University of Chicago economist and Nobel Laureate Richard Thaler says he doesn’t see anything that resembles a recession in the U.S.
It used to be that economists would see two consecutive quarters of negative Real GDP growth and say “recession.” But apparently not economists like Thaler. But at least the Atlanta Fed’s GDPNow real GDP tracker is pointing to weak growth for Q3 at 1.379%.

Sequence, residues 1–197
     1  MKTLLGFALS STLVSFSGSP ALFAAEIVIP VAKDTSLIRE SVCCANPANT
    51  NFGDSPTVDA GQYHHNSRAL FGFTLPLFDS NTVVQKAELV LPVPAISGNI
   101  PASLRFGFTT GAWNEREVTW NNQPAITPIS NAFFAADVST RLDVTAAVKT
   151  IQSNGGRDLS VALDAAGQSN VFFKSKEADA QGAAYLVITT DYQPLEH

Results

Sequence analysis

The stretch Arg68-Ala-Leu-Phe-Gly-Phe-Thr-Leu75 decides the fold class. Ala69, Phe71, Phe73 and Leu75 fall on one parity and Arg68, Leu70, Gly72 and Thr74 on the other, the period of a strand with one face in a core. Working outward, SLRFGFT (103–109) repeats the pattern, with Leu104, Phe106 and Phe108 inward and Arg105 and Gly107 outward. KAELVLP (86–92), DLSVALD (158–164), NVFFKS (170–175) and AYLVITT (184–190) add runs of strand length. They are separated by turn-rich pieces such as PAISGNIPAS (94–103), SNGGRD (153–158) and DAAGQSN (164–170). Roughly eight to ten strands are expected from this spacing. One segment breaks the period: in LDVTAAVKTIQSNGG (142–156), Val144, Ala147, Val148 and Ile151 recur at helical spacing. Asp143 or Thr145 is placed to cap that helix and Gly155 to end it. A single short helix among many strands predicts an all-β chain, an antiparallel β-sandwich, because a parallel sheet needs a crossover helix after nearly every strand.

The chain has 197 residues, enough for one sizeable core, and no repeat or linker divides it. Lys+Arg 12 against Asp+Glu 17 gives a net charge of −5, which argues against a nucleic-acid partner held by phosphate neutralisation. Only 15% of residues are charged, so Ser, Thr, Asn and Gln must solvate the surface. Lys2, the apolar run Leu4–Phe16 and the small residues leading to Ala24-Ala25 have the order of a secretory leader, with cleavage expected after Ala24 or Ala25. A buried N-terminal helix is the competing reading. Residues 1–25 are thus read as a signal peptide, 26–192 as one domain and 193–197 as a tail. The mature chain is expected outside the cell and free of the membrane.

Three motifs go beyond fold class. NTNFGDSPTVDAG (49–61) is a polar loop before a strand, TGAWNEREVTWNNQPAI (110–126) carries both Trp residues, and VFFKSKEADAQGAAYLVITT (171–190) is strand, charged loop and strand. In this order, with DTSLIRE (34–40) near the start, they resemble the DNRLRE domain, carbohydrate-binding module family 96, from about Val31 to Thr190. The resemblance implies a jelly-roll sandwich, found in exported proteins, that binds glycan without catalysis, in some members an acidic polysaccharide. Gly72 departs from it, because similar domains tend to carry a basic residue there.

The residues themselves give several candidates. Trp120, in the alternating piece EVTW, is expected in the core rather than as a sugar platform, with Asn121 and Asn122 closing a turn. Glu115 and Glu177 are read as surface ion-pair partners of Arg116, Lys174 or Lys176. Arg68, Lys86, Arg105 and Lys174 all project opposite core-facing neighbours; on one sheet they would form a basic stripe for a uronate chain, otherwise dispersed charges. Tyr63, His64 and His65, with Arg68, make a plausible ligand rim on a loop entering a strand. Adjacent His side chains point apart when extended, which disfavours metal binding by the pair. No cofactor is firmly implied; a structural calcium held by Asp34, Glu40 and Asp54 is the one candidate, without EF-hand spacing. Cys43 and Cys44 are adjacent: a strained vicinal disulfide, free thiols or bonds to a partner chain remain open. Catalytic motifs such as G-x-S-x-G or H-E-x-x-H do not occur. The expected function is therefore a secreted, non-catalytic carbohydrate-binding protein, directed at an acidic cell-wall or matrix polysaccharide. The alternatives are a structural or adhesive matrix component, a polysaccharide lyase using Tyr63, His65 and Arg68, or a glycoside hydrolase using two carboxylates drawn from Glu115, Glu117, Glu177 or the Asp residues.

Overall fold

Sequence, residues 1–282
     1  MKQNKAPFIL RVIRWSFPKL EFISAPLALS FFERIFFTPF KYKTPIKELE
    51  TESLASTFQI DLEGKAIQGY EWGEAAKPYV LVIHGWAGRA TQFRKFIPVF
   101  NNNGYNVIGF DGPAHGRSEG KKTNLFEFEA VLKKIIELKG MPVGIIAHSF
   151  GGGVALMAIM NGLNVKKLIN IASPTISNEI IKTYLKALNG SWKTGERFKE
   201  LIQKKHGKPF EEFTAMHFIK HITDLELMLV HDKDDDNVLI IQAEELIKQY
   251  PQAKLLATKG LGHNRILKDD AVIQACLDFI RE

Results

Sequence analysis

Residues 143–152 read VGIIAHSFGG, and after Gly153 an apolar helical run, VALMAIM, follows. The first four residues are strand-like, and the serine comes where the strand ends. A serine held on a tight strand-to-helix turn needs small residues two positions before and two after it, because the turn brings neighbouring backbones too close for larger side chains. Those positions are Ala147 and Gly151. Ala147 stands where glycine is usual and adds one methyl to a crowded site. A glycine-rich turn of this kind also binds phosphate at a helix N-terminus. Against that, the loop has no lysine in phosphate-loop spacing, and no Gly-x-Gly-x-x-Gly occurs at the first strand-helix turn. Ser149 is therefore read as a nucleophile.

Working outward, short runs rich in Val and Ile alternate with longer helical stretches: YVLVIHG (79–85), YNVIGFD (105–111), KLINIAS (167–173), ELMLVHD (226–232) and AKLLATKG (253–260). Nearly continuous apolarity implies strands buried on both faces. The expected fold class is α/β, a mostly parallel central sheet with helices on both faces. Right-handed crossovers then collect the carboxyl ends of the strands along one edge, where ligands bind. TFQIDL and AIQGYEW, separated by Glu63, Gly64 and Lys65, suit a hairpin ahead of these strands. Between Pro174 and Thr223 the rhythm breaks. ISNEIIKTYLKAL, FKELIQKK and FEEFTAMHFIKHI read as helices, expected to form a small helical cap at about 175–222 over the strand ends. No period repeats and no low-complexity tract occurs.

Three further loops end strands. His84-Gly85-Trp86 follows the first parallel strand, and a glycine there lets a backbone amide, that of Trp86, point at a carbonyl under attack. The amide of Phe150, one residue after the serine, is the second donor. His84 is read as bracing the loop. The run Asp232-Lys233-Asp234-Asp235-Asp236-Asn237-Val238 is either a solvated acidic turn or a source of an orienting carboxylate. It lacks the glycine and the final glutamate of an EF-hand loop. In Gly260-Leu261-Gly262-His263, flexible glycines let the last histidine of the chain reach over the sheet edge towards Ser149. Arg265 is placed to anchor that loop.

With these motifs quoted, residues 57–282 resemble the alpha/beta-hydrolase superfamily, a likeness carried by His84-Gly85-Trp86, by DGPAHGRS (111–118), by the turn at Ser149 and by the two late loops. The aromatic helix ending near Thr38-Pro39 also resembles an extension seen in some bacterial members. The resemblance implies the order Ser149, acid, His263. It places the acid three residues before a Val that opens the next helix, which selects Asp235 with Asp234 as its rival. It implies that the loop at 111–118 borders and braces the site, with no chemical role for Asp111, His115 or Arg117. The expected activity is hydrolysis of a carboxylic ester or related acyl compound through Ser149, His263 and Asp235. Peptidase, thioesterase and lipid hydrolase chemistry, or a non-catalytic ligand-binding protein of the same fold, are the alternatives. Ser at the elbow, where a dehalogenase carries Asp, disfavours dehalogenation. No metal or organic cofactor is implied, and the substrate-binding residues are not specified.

So, if 1.38% real GDP growth holds up, the US is technically no longer in a recession. So, Thaler would be correct. However, the US Treasury yield curve 10Y-2Y (blue line) remains inverted and the Conference Board’s Leading Indicators (yellow line) is growing at 0.0% YoY.
And for those expecting interesting news from The Fed’s Jackson Hole conference, I expect Powell to say that The Fed is going to have to jack-up rates to fight inflation (which is crushing the middle class and low wage workers).
Unlike Thaler, I don’t see a strong economy, just a weak economy except for employment (at negative wage growth). And declining savings.